(1) General. The principles which apply in determining whether or not time spent in travel is working time depend upon the kind of travel involved.
(2) Home to work; ordinary situation. An employee who travels from home before his regular workday and returns to his home at the end of the workday is engaged in ordinary home to work travel, which is a normal incident of employment. This is true whether he works at a fixed location or at different job sites. Normal travel from home to work is not worktime.
(3) Home to work in emergency situations. There may be instances when travel from home to work is worktime. For example, if an employee who has gone home after completing his day's work is subsequently called out at night to travel
a substantial distance to perform an emergency job for one of his employer's customers, all time spent on such travel is working time. Travel to the job and back home by an employee who receives an emergency call outside of his regular hours to report back to his regular place of business to do a job is working time.
(4) Home to work on special one day assignment in another city. A problem arises when an employee who regularly works at a fixed location in one city is given a special one day work assignment in another city. For example, an employee who works in Helena, with regular working hours from 9 a.m. to 5 p.m., may be given a special assignment in Missoula, with instructions to leave Helena at 8 a.m. He arrives in Missoula at 12 noon, ready for work. The special assignment is completed at 3 p.m., and the employee arrives back in Helena at 7 p.m. Such travel cannot be regarded as ordinary home-to-work travel occasioned merely by the fact of employment. It was performed for the employer's benefit and at his special request to meet the needs of the particular and unusual assignment. It would thus qualify as an integral part of the "principal" activity which the employee was hired to perform on the workday in question; it is like travel involved in an emergency call or like travel that is all in the day's work. All the time involved, however, need not be counted. Since, except for the special assignment the employee would have had to report to his regular work site, the travel between his home and the railroad depot may be deducted, it being in the "home-to-work" category. Also, of course, the usual meal time would be deductible.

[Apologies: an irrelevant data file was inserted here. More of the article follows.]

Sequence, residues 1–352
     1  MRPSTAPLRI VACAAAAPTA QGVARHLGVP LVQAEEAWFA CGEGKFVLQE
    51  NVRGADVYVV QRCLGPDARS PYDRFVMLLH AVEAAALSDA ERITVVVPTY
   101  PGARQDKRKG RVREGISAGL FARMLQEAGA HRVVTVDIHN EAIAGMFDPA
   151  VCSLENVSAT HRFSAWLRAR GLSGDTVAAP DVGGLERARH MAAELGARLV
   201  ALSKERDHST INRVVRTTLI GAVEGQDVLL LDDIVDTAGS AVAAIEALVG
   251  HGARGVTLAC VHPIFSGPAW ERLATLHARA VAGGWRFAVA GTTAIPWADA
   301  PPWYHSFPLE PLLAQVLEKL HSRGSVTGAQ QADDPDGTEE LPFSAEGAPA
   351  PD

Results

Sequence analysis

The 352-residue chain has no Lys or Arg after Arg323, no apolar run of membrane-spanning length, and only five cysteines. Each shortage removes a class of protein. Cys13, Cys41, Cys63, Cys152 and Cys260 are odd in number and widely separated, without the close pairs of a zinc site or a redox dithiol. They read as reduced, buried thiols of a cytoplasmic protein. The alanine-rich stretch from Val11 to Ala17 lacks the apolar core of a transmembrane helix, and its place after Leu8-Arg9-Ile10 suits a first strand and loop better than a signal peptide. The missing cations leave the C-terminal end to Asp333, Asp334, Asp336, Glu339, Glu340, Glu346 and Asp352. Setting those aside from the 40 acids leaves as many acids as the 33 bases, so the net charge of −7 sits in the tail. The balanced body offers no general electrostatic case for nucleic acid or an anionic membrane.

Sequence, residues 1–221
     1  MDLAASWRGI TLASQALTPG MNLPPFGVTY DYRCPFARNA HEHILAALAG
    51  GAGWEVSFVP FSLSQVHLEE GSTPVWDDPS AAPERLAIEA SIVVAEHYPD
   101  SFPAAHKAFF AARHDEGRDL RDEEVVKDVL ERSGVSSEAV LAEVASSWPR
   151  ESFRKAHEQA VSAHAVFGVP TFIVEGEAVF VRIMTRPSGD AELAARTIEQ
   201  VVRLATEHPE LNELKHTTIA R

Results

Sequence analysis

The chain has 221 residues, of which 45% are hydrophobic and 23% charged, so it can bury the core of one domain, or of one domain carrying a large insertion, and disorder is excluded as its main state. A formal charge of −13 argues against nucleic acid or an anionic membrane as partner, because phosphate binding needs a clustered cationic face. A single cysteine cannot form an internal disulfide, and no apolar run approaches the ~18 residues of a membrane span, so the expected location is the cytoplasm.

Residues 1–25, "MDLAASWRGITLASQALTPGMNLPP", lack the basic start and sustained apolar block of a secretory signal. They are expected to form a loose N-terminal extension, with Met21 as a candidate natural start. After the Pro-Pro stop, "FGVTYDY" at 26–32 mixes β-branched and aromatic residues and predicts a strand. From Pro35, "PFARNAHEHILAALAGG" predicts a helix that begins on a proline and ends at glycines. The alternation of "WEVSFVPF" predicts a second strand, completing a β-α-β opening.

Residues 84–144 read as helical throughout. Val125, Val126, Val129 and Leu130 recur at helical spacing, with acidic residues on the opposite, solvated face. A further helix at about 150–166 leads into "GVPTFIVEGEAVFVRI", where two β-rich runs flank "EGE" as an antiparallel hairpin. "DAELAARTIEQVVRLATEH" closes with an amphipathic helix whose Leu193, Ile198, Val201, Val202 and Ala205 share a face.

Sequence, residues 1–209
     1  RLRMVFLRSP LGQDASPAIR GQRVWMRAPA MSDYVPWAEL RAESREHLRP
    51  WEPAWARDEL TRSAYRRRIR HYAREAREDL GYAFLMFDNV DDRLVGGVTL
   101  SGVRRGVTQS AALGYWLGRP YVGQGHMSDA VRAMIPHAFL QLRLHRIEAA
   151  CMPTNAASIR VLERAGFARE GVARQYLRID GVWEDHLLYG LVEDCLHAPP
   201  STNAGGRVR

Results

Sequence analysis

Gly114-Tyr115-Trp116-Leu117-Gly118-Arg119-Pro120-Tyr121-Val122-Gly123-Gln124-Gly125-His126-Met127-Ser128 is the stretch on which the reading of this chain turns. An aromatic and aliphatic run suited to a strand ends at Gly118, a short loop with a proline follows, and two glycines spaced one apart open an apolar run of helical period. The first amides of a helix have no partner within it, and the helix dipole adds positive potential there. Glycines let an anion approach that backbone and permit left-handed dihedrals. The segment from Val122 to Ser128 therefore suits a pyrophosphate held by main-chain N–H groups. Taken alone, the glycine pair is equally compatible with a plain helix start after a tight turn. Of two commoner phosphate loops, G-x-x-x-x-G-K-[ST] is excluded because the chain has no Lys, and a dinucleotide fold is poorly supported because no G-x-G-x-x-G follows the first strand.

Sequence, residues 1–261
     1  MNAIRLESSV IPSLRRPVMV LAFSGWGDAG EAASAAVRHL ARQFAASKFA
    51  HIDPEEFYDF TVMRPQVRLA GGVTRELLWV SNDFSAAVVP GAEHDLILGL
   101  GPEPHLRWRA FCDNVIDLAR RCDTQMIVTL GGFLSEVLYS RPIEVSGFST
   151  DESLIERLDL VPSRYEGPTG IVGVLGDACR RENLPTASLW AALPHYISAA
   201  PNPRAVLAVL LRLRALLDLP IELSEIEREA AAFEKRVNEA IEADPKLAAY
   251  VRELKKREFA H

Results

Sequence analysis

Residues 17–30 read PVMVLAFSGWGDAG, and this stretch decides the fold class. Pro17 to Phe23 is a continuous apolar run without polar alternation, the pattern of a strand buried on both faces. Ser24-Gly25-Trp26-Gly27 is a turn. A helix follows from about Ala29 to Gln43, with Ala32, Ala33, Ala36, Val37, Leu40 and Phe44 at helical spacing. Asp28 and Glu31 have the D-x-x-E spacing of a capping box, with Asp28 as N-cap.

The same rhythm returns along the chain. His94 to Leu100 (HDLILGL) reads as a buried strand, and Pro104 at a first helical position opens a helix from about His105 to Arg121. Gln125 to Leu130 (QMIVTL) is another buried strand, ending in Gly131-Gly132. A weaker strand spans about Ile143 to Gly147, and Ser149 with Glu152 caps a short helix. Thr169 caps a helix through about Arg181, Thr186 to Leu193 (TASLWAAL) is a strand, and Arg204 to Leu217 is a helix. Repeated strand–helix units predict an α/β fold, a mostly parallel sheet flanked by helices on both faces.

(5) Travel that is all in the day's work. Time spent by an employee in travel as part of his principal activity, such as travel from job site to job site during the workday, must be counted as hours worked. Where an employee is required to report at a meeting place to receive instructions or to perform other work there, or to pick up and to carry tools, the travel from the designated place to the work place is part of the day's work, and must be counted as hours worked regardless of contract, custom, or practice. If an employee normally finishes his work on the premises at 5 p.m. and is sent to another job which he finishes at 8 p.m. and is required to return to his employer's premises arriving at 9 p.m. all of the time is working time. However, if the employee goes home instead of returning to his employer's premises, the travel after 8 p.m. is home-to-work travel and is not hours worked. Walling v. Mid-Continent Pipe Line Co., 143 F. 2d 308 (C.A. 10, 1944).
(6) Travel that keeps an employee away from home overnight is travel away from home. Travel away from home is clearly worktime when it cuts across the employee's workday. The employee is simply substituting travel for other duties. The time is not only hours worked on regular working days during normal working hours but also during the corresponding hours on nonworking days. Thus, if an employee regularly works from 9 a.m. to 5 p.m. from Monday through Friday the travel time during these hours is worktime on Saturday and Sundays as well as on the other days. Regular meal period time is not counted.
(7) When private automobile is used in travel away from home community. If an employee is offered public transportation but requests permission to drive his car instead, the employer may count as hours worked either the time spent driving the car or the time he would have had to count as hours worked during working hours if the employee had used the public conveyance.
(8) Work performed while traveling. Any work which an employee is required to perform while traveling must of course be counted as hours worked. An employee who drives a truck, bus, automobile, boat or airplane, or an employee who is required to ride therein as an assistant or helper, is working while riding, except during bona fide meal periods or when he is permitted to sleep in adequate facilities furnished by the employer.